Being confident is a Good Thing.
You can quote me on that.
You can write it down on a slip of paper and bring it out when you hear someone say that confidence is a Bad Thing. “No way!” you can shout, “look, I have proof on this piece of paper right here in my hand that’s it’s not a Bad Thing. At all. Came from this Steve guy. English dude. Balding. Yeah, him.”
But what about arrogance? Arrogance (sometimes mistakenly called over-confidence) is another kettle of fish entirely. So much so that it isn’t even a kettle and doesn’t have any fish in it.
Let's look a little closer, with five clear signs that you're an arrogant ass-hat.
1. Nobody else gets a word in
It's not simply that you love to be the centre of attention. The hard truth is that you're more interesting than the other people in the room and have more to say.
Whether at a party or in a meeting or hanging out in the coffee shop, the stuff that other people say never really seems to hit the mark. It’s never astute enough, clever enough, insightful enough, funny enough or valuable enough, right? If you can add all that value and hit the mark every time, wouldn’t it be a waste, or a crime, not to?
Think of it as a public service. You're speaking up and being interesting so others don't have to.
2. You’re right. Period.
You know your way is the right way, you just know it.
Everyone else wants to go round the houses, cover all the bases or do their due diligence. They seem determined to go about things in a way that’s nowhere near as efficient and effective as your way is. So you state your case, let people know they’re wrong and even get into arguments because you know full well your way will get the best result.
If only they’d listen to you more of the time, they’d get great results all of the time.
3. You can’t date just anybody
You can have your pick of partners, but if you dated the first guy or gal to come along not only would you be settling, but you'd be selling yourself short too. You'd be dooming the relationship to failure before it’s started.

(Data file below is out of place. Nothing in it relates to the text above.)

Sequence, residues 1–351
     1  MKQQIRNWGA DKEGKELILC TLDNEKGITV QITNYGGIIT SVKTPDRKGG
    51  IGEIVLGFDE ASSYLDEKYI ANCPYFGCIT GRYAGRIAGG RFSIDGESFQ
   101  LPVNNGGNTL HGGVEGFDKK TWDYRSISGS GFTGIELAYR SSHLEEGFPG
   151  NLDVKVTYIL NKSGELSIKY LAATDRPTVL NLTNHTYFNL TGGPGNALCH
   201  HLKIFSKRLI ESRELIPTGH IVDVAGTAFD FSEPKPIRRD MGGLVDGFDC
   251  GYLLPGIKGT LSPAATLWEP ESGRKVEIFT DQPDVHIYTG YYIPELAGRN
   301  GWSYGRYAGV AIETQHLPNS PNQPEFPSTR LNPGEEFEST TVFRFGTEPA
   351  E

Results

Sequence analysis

No, you’ve got to be sure that your date—whoever the lucky soul is—is capable of keeping up with you (even if they can’t match you) as well as recognising what a catch you are.
Maybe you should hold auditions...
4. You can deliver the moon on a stick
You’re damn good. You really are. Other people are content to go for reasonable challenges or to push themselves just a little bit. You’re different. You’re better than that. If you need to deliver something in a week, you can likely deliver it in half the time or deliver twice as much. Double the fun.
Limits are for wimps, so don't you dare settle for what other people can do; you know that you can go further, stronger, longer and faster than them.
Let the world know.
5. People don’t “get you”
You do and do and do, and still people never seem to grasp how good you are. Friends have come and gone, romantic dalliances seem to be short-lived and even colleagues and bosses criticise you for tiny things that have no bearing on the results you get.
But it's okay. You don’t need other people and it’s probably nothing more than petty jealousy on their part.
The fact that other people don’t get you doesn’t mean that you need to lower your standards. Stay strong.
I’m being facetious.
If you find yourself doing any one of these things then there's a danger that you're an arrogant ass-hat. Make sure you recognise it.
(Oh, and if you find yourself doing all of them, then I have an emergency coaching session on standby with your name on it…)
What to do instead...
Instead of being an arrogant ass-hat, try the following instead:
- Face your insecurities. Because that arrogance is likely masking the fact that you're terrified to be out of control, or wrong, or vulnerable. Facing those things is where you develop natural confidence.
- Practice compassion. Don't just listen to other people, but be generous in hearing them. Connect with people in ways that respect the fact they're already whole and already enough. We're all in this together.
- Do the work. Instead of using arrogance to bluff and bluster your way through, do the work that's needed to engage with what matters, build your skills and experience, and add value as you always wanted to.
Do these three things, and you'll no longer be an arrogant ass-hat, but someone who everyone wants to be around.